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Although Donne is known primarily as a lyrical poet, who focuses on the theme of love, his works are also characterized by a philosophical, solipsistic and clerical slant. This is the case with The First Anniversary, the poem, which Donne wrote for Sir Robert Drury, his well-off patron. The poem highlights the death of Elizabeth, Drury’s dearly loved daughter, who decayed at the age of fourteen. Superficially, one may claim that the poem represents the world of sorrow and grief, wherein Elizabeth left the people she loved. Donne compares this world with the one that offends resentful people bitterly, since it does not notice Elizabeth’s departure and keeps going on without compassion. At the same time, Elizabeth’s soul is viewed as a tie that prevents things from disintegration, and once the soul is lost, the whole world falls down.

Despite the fact, that the poet uses many clichés to commemorate the tragic event, his conceit is striking: readers do not see the death of a young girl but the death of the world. Presumably, Donne imparts a philosophical meaning to this metaphor, which imbues the poem with different layers of meaning. Most of them refer not to Elizabeth but to Donne himself and his life, as well. He is the protagonist of the poem, and it is he, who shows the transformation of the world (his world). His world was changed. John, as well as Shakespearian Hamlet, claimed that the harmony of the universe had been substituted for unexplainable chaos that accompanied the change of historical epochs. As the artist painfully felt the imperfection of the “fallen to the atoms” world, all his life was dedicated to looking for a supporting point. That is why there is no wonder that, in The Anatomy of the World, readers do not find erotic lines (as in his earlier poems) but witness Donne’s inner frustration and agonizing pain.  

There are several reasons for these transformations; one of them is the religious politics of Donne’s time. The poet’s family was piously Catholic. John’s brother Henry was suspected of participation in a Catholic revolt. He also gave a refuge to a Catholic priest (a deed was equal to treason). Therefore, his brother was arrested and severely tortured; he died from bubonic plague at prison. This experience had an immense impact on Donne. Later, he was made to distance from Catholicism and became an Anglican (harpers.org). It was practically impossible to resist for Donne, since the pressure came from senior court officials and the king, “All just supply, and all relation;/ Prince, subject”. Finally, he gave in and started writing anti-Catholic tracts and working for Anglicans. 

These arguments shed more light on the lines “New philosophy calls all in doubt,/ The element of fire is quite put out”. Protestantism, the core of the Reformation, becomes “the new philosophy” that shatters the poet’s world; and he accepts this doctrine to survive, “For every man alone thinks he hath got/ To be a phoenix”. However, Protestantism also meant a rejection of dogma, a triumph of science, and love for inquiry. It was a completely new world emerging in England, imbued with new conflicts and tensions. Donne views this change both painfully and ambiguously, “It is all in pieces, all coherence gone”. These are the words of a man, who steps on a new, unknown path, although he does not know where it will lead. Perhaps, these words also prophesy England on its way to civil war (harpers.org).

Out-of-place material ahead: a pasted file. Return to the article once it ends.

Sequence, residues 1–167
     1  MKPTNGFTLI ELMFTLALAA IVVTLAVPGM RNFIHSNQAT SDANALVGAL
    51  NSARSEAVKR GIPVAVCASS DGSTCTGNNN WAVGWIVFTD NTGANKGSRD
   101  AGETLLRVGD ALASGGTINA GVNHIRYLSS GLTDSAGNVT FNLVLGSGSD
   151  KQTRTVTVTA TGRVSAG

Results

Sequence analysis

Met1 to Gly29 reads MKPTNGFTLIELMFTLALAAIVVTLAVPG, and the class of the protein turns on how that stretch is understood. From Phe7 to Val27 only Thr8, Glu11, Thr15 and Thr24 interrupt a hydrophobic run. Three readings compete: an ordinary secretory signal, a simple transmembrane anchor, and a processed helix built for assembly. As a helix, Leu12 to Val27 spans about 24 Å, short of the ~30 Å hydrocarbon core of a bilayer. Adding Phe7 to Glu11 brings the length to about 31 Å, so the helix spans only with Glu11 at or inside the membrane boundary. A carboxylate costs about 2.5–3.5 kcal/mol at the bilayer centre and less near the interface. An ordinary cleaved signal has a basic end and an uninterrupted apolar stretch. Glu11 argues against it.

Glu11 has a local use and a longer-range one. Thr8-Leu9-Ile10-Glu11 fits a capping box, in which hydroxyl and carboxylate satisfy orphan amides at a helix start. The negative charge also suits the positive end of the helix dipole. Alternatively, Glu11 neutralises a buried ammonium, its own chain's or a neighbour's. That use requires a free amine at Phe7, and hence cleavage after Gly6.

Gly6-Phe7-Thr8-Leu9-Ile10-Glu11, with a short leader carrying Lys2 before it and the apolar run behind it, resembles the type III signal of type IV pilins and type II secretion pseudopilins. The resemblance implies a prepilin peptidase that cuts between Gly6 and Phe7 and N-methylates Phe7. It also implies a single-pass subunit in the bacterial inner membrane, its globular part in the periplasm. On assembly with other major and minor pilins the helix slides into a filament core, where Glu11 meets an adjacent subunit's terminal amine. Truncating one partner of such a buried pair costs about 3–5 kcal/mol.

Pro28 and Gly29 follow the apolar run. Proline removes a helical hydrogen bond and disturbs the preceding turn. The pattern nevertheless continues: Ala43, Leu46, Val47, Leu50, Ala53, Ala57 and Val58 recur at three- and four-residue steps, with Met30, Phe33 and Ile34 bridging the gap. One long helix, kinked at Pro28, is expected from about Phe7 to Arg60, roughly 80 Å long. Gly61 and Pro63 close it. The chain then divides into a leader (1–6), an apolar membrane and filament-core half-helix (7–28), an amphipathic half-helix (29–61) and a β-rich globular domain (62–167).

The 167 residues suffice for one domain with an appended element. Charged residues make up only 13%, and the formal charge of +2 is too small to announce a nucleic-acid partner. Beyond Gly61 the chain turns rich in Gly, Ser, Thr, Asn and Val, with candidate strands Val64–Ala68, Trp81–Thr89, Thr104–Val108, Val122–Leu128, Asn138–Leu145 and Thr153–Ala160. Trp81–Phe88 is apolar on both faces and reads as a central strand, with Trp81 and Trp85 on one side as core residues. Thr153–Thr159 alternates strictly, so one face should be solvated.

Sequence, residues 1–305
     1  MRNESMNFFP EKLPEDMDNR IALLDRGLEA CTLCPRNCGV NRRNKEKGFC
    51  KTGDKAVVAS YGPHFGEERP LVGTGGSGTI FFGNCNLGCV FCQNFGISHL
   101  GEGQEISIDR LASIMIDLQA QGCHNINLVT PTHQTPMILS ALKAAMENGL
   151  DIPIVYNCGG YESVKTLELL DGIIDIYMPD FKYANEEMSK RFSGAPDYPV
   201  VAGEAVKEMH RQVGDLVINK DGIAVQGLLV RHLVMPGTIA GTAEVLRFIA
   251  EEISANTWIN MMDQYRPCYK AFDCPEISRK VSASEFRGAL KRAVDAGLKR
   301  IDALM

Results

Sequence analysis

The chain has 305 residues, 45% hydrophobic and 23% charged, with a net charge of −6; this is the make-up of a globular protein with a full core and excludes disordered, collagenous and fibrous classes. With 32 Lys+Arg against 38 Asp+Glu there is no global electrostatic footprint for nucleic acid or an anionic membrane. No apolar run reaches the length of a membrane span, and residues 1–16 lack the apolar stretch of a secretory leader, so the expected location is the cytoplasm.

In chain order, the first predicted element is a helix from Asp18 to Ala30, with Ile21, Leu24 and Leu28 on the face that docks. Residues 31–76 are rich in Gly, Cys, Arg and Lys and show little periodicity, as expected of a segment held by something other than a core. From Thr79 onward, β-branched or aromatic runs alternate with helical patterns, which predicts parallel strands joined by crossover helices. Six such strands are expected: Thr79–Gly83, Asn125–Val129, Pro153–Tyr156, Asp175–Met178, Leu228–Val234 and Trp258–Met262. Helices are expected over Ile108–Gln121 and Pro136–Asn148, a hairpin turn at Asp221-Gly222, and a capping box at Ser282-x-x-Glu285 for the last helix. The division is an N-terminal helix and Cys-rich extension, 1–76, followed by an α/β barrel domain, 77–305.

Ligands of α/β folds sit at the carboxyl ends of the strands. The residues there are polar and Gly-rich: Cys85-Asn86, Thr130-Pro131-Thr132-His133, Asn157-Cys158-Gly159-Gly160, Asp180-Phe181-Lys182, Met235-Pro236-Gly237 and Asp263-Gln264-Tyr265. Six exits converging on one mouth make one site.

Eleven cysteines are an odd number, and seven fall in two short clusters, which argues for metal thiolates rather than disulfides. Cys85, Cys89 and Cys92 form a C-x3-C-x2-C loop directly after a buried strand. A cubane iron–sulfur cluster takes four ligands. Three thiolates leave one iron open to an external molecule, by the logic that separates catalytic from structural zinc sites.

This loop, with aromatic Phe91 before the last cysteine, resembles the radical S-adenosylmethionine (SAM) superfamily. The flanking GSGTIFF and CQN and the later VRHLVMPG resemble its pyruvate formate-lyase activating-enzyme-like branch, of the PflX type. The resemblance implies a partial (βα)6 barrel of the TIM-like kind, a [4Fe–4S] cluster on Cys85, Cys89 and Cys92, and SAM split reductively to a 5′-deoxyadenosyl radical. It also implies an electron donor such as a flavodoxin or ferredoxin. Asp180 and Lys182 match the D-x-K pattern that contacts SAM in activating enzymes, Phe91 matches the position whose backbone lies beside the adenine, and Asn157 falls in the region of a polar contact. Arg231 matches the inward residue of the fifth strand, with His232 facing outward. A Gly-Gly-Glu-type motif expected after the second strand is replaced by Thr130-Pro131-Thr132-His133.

Thus, The Anatomy of the World focuses on the issue of the creation of a new world; nevertheless, Donne also glorifies the old one too. The old world has feminine qualities, and this is how Donne describes its death, “She, she is dead; she’s dead: when thou knowest this, thou knowest how poor a trifling thing man is…”, The old world exists for the poet, but we can grasp this only after somebody’s death. He argues that the old world died “intentionally”  to give birth to the new one. The new world emanates from the old one, “She that was best and first original/Of all fair copies, and the general/ Steward to fate; She to whom this world must itself refer,/As suburbs or the microcosm of her[…]”. It is obvious from this excerpt that Donne still loves the old world, no matter how imperfect it may be, and longs for it. The concluding lines of the poem“She, she is dead; she’s dead: when thou know’st this,/ Thou know’st how lame a cripple this world is” render Donne’s bitter pain and sorrow for human fragility and the transformations that humanity has undergone throughout its history.  

As one may notice, Donne uses the pronoun “she” throughout the whole poem. This “she” does not refer to Elizabeth’s soul only and does not merely symbolize a female archetype. It seems that Donne uses “she” to refer to human history in general, which he finds to be a very complicated process. “She” is a long succession of worlds, which are broken into many pieces and, finally, replaced, of women and men who are born and changed of eternal and altered life. Exactly such a vision corresponds to Donne’s perception of the world, and this knowledge makes it easier for us to realize the implicit meaning of The Anatomy of the World.

Code: Sample20

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